4. Kicking game
If we'd have told you September 1 that the Steelers' kickers on December 12 would be Shaun Suisham and Jeremy Kapinos you might have assumed things had gone terribly wrong with the season. Most fans, though, are pretty happy with the kicking situation. Suisham is beloved right now (because he hasn't missed a kick yet in five tries) and Kapinos is a home-state replacement for the injury-prone Sepulveda. Please bear in mind that Suisham has yet to attempt a field goal at Heinz Field and December and January is not when you want to be developing chemistry between your long snapper, holder and kicker. We will officially be holding our breath on every kick and punt until the end of this season.
5. Rashard Mendehall's health
Mendenhall's 257 carries are third in the league to Pocket Hercules (261) and Steven Jackson (260). And while it's great to have a reliable feature back, it's a disaster to have an injured feature back. Where would Jacksonville and St. Louis be without the other two? While the situation might not be quite so dire with Pittsburgh in a one-game scenario, it's unlikely the Steelers could mount the three- or four-game win streak needed to claim the Super Bowl with Isaac Redman and Mewelde Moore in the backfield.
All eyes turning to beating New England
Now that the Patriots are starting to look like the 2007 juggernaut again, it's time to remind ourselves that the formula for beating New England is fairly simple and straightforward (although difficult to execute):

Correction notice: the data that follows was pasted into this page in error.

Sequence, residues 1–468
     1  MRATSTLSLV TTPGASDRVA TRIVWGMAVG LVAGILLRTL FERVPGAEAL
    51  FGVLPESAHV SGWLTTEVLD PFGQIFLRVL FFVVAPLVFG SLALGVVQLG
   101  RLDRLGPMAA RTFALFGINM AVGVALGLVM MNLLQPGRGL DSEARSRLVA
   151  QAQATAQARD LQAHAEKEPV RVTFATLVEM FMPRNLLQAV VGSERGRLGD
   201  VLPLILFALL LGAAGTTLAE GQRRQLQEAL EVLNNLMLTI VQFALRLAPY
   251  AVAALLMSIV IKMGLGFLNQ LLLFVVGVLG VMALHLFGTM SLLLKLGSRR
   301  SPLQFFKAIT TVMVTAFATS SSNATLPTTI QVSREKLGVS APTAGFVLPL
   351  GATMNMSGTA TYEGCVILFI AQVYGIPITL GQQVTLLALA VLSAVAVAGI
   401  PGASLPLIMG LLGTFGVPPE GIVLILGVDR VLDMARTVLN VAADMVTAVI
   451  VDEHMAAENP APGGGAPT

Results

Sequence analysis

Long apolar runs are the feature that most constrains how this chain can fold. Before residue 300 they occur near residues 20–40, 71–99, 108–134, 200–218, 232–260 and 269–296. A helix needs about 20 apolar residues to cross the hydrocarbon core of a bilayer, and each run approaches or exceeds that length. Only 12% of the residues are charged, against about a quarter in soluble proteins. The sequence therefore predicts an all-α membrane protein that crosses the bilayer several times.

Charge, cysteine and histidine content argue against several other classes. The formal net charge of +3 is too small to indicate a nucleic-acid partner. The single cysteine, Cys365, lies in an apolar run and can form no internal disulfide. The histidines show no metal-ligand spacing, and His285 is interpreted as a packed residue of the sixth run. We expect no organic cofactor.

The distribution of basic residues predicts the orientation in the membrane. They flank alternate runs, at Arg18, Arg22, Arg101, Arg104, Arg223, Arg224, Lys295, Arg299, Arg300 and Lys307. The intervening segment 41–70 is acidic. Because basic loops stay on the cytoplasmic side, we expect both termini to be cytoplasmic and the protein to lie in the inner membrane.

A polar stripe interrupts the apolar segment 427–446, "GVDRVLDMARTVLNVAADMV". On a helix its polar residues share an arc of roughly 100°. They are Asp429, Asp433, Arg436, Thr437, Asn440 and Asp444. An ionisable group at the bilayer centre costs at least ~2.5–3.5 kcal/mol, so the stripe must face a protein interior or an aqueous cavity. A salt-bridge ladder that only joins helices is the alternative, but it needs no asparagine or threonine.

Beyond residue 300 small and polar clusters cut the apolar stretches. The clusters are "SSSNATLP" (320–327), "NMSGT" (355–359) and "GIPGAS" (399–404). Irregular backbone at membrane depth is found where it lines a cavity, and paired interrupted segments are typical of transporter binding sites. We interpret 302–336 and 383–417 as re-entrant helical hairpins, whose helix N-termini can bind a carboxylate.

1. The first rule of beating the Patriots is DON'T TALK ABOUT BEATING THE PATRIOTS! Countless players and coaches have yet to learn the lesson that Anthony Smith, Rex Ryan and soon Brian Urlacher, already have learned.
2. The second rule of beating the Patriots is to ATTACK THEM VERTICALLY with your offense. They're near of the bottom of the league in passing defense for a reason, but you've got to turn those passing yards into points.
3. The final rule of beating the Patriots is the most difficult for most teams (including the Steelers) to handle. You have to be able to GET CONSISTENT PRESSURE ON BRADY WITH FOUR RUSHERS to beat New England, as most famously executed by the Giants in Super Bowl XLII. If you can do that, you can play mostly dime behind it and take away the majority of those short and intermediate passes that killed Pittsburgh earlier this year. Then, you've got a fighting chance.
This looks like a classic letdown game. But the mere fact that a lot of what was gained by the Steelers on Sunday night would be given back with a loss here (especially if it is coupled with a Ravens win in Texas Monday night) should keep the home team on point. That being said, the Bengals are still largely the same team talent-wise (perhaps with the exception of Carson Palmer, who everyone admits has now fallen from the top tier of NFL QBs) that was picked by many to win this division. Cincinnati's problems have involved scheme (too much passing, not enough Ced Benson) and execution (too many mental errors) and those are both things that can be fixed quickly on a one-game basis. We're expecting your usual AFC North donneybrook complete with a T.O. touchdown, a Polamalu pick, a Mike Wallace bomb, Shaun Suisham's first miss and a last-minute TD drive from #7 and the Steelers ... Steelers 28, Bengals (-9) 27.
Last week: Steelers (-3) win and cover; CORRECT, CORRECT
Season straight up: 6-6, .500 (Hey, that would get us in the playoffs in the NFC West!)
Season vs. spread: 3-9, .250 (Sadly, this remains fodder for harassment by Neil Rudel)